Water for Food

Research promotes groundwater protection in Ghana

March 13, 2017


Mustapha Alhassan helps a resident to fetch water from well.

Mustapha Alhassan, PhD student
Department of Agricultural Economics, University of Nebraska–Lincoln

“…When I got married to my husband and moved to this community, they told me this is the water they drink. I did not believe it until I started drinking it because it is the only water available for me to drink. I am even 8 months pregnant now —and still drinking it. Anytime I am given drugs at the hospital, I am cautioned to use pipe water to take them but I use this water because I have no option.”
—Mary, resident of Kuyellingo, a community in the Bongo district in the Upper East region (UER) of Ghana.

Mary told her story to us while standing next to a “bulga,” a shallow well dug on the bank of a dam. The bulga is one of the most commonly used domestic water sources in the community.

One of the targets of the United Nations’ 7th Millennium Development Goals is to “halve, by 2015, the proportion of the population without sustainable access to safe drinking water and basic sanitation.” Though this target is said to have been attained in Ghana, much more needs to be done to ensure that people like Mary who are residents of rural settlements in the country, and in most cases depend on unregulated sources of water, are protected from contaminated drinking water.

Groundwater, accessed through wells and boreholes, is the main source of water in rural settlements in Ghana. Despite the enormous health and economic benefits of ensuring access to clean water, regulations to protect rural residents from contaminated groundwater are often overlooked. Three out of seven unregulated drinking water sources in the UER contain nitrate-nitrogen beyond the World Health Organization’s recommended levels of 10 milligrams per liter (Kubreziga, 2012). Kubreziga (2012) also reports that about one out of every 12 children in the region stands the risk of exposure to blue-baby syndrome, a harmful condition in babies that is caused by nitrate contamination in groundwater due to water use from unregulated sources.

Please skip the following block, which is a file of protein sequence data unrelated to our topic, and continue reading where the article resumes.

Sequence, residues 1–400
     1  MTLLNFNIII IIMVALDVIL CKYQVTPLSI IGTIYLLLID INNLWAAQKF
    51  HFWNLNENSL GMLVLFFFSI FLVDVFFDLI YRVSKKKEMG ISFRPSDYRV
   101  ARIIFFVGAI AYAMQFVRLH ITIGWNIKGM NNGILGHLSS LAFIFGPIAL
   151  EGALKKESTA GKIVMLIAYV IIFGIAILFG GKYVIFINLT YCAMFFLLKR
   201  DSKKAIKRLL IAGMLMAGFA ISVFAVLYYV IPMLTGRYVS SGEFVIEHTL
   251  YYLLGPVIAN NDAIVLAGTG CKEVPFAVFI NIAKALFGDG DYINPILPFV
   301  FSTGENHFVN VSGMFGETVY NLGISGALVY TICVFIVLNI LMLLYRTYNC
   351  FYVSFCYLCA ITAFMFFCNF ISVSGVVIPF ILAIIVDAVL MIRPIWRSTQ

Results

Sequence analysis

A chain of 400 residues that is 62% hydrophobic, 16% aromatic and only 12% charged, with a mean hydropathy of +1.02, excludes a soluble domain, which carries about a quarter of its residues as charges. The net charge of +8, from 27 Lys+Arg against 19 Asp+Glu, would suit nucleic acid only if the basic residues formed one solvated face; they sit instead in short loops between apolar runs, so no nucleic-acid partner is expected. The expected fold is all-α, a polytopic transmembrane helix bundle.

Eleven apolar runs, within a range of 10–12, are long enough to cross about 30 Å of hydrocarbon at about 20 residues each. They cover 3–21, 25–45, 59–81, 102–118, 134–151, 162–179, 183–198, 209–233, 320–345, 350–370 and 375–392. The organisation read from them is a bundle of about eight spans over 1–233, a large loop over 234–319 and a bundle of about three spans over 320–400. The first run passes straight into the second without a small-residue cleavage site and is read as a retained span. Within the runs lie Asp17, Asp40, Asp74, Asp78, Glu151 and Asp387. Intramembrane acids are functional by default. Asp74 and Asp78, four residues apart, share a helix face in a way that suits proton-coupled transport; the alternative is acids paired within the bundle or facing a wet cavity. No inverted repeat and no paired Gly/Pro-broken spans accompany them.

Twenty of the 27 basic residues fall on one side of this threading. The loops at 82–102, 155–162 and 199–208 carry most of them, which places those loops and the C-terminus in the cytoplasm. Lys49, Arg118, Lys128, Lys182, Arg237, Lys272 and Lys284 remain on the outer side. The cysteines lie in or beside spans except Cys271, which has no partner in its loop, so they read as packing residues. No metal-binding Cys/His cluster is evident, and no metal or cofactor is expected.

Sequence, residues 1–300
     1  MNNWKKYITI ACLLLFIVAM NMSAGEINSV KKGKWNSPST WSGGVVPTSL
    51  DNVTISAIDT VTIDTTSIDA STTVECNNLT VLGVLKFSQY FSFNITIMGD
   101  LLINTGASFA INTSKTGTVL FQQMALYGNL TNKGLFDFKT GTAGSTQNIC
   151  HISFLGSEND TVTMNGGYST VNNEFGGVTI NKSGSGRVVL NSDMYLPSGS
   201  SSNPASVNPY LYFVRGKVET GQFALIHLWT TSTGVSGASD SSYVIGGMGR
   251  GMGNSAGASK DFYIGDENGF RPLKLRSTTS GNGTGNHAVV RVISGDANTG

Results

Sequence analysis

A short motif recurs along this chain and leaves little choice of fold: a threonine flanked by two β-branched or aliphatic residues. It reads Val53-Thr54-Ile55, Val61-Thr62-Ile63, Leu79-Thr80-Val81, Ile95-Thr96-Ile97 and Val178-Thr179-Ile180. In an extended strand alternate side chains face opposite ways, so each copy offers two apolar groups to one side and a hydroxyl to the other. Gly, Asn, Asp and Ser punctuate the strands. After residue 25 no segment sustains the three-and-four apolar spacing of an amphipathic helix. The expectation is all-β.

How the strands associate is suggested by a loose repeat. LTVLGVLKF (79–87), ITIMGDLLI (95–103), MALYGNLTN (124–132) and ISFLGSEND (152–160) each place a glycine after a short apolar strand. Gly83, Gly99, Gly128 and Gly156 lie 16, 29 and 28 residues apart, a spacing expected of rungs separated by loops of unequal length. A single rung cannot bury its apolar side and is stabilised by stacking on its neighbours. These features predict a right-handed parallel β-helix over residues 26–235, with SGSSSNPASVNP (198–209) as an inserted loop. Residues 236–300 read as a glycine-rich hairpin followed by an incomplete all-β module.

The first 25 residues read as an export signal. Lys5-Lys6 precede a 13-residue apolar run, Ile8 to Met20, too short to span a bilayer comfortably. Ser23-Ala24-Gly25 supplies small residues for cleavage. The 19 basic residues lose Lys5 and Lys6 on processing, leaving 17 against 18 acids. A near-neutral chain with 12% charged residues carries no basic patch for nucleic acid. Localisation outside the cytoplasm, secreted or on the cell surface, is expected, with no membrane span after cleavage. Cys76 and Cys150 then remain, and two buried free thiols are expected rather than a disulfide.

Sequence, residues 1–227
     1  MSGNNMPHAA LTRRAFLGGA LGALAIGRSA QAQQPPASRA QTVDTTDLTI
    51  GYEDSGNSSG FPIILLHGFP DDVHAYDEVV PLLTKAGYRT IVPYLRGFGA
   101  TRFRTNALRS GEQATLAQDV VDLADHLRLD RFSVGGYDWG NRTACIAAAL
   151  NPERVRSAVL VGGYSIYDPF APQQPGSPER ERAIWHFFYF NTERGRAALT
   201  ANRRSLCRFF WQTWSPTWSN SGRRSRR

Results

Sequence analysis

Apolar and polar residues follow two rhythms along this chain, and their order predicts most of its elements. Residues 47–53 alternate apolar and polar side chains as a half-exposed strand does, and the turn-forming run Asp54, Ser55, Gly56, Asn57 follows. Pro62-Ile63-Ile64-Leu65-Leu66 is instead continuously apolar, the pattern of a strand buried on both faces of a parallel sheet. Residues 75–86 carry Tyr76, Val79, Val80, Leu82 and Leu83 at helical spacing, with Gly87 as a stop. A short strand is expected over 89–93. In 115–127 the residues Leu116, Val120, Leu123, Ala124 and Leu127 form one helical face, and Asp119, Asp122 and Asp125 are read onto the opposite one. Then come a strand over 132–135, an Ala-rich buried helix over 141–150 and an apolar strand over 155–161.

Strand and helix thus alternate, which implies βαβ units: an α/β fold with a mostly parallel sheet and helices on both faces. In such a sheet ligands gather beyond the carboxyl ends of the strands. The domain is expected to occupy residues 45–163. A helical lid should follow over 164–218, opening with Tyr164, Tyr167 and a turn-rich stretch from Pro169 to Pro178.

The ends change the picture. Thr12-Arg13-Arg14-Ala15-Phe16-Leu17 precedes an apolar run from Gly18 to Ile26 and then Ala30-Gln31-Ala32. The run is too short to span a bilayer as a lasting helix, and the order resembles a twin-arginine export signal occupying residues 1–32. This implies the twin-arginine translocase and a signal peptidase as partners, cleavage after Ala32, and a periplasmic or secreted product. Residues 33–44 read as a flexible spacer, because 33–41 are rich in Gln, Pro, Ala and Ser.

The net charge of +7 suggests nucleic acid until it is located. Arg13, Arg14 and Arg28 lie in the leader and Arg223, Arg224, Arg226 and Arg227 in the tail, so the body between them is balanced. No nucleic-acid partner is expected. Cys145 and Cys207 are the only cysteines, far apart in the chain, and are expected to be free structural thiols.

Agricultural activities contribute to the groundwater pollution in the UER. The UER and the Upper West region had the highest fertilizer use in Ghana from 1997 to 2001 stemming from two large irrigation schemes in the UER (FAO, 2005). At the end of 1980, more than 2,000 boreholes were drilled in the region for domestic water supply. Between 1977 and 1980, the levels of nitrates in groundwater in the region increased significantly due to increased chemical fertilizer use in agriculture and intensification of animal husbandry practices (Duah, 2006). With the recent launch of fertilizer subsidies in Ghana, at an average of 21 percent of the price of fertilizer (Ghana Government, 2015), the fertilizer application rate is expected to increase. This will likely exacerbate groundwater quality problems in rural areas with large irrigation schemes, including the Bongo district. With a lack of potable water sources available to rural residents in Ghana, and for that matter, residents of the Bongo district, it is prudent for policymakers enact groundwater quality management policies that are capable of improving groundwater quality, and thus livelihoods in the rural areas.